A harvest festival, Sukkot is among Judaism’s most food-centric holidays, Passover perhaps its only rival. In the greater Washington area, the holiday’s annual occurrence during the fall signifies an abundance of autumn fare such as gourds, apples and corn. In 1909, an article in The Washington Post entitled “Historic Feast Observed: Jewish People Hold Their Annual Succoth” described festivities at the Washington Hebrew Congregation on 8th Street Northwest:
Several hundred of the Jewish population of Washington participated in the celebration, in which the flowers, fruits and vegetables of the fall season figure as tributes of thanksgiving… [Special huts were] Constructed of lattice work and covered with vines and flowers by the ladies auxiliary of the congregation…200 children, ranging from tots just able to walk to boys and girls of 15 and 16 years of age, entered the synagogue, each bearing different kinds of fruits, flowers and vegetables.
Many of the Society’s historic cookbooks, discussed in last month’s post, recommend Sukkot menus and dishes to prepare during the eight-day holiday. Virtually all of these cookbooks, from Shaare Tefila Sisterhood’s Eating Pleasure by Sisterhood Measure in the 1950s to B’nai B’rith Women’s The Ten Condiments in 1992, recommend dried fruit and nuts, sweets and vegetable dishes such as stuffed cabbage, also known as holishkes in Yiddish, for the holiday.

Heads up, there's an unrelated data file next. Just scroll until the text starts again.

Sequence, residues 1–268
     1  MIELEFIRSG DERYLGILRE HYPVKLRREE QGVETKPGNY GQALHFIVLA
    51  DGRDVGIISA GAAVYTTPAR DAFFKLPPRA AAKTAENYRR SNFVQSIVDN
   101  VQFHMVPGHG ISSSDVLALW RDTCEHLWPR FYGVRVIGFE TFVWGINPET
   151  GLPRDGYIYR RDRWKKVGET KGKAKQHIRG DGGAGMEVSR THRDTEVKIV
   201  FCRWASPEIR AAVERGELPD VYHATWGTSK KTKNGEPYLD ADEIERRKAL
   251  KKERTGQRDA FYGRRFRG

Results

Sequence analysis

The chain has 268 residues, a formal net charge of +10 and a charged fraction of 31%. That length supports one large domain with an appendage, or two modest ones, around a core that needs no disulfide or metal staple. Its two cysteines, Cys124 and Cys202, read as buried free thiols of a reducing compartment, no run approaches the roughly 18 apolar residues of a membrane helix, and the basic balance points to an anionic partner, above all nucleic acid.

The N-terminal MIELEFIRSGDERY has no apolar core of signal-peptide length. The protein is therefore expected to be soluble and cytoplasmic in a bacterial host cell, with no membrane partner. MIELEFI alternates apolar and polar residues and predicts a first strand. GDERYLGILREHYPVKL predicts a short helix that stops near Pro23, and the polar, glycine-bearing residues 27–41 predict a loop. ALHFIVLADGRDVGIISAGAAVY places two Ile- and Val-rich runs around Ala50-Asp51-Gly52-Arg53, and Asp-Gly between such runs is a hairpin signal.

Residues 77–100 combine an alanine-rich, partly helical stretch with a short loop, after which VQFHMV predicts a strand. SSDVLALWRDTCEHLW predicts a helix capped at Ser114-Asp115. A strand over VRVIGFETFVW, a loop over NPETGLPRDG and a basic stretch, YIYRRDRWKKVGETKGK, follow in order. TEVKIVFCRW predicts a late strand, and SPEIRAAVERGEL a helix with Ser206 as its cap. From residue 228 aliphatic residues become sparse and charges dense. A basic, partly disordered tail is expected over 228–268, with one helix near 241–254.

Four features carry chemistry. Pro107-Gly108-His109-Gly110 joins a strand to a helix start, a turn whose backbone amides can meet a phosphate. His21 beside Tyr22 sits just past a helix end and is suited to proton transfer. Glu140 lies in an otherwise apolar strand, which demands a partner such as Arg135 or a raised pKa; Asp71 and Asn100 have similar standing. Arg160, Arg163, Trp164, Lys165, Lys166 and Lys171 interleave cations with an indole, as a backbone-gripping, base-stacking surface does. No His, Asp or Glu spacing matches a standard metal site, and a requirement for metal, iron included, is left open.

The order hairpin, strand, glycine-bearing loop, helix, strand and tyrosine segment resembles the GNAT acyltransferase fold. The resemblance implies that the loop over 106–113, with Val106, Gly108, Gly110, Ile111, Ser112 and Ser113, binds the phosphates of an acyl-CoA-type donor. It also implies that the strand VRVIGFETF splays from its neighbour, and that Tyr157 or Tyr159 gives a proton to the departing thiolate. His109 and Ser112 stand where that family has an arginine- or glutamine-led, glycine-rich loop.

In the nineteenth and twentieth centuries, Jewish immigrants from Eastern Europe and the Middle East brought their families’ stuffed cabbage recipes with them to America. Sometimes they altered the recipes by adding tomato paste or sweet-and-sour sauce. One Jewish tradition holds that two stuffed cabbages side by side resemble a Torah scroll.
Below is a recipe for stuffed cabbage from Ohr Kodesh’s The Happy Cooker, (circa 1970) submitted by Hannah Burke. I was inspired to make a vegetarian version by omitting the marrowbone and substituting the beef for brown rice and chickpeas (top photo).
Another recipe (below) developed by I. Rokeach & Sons, Inc. and printed in a 1957 article in The Washington Post and Times Herald features a simplified version of strudel for busy households to enjoy in their sukkah. (Note the use of canned pineapple, an American pantry staple during that decade.) Since strudel contains fruit and nuts, it has become a Sukkot delicacy.
No matter how your family celebrates Sukkot this year, remember to enjoy the fruits of the season.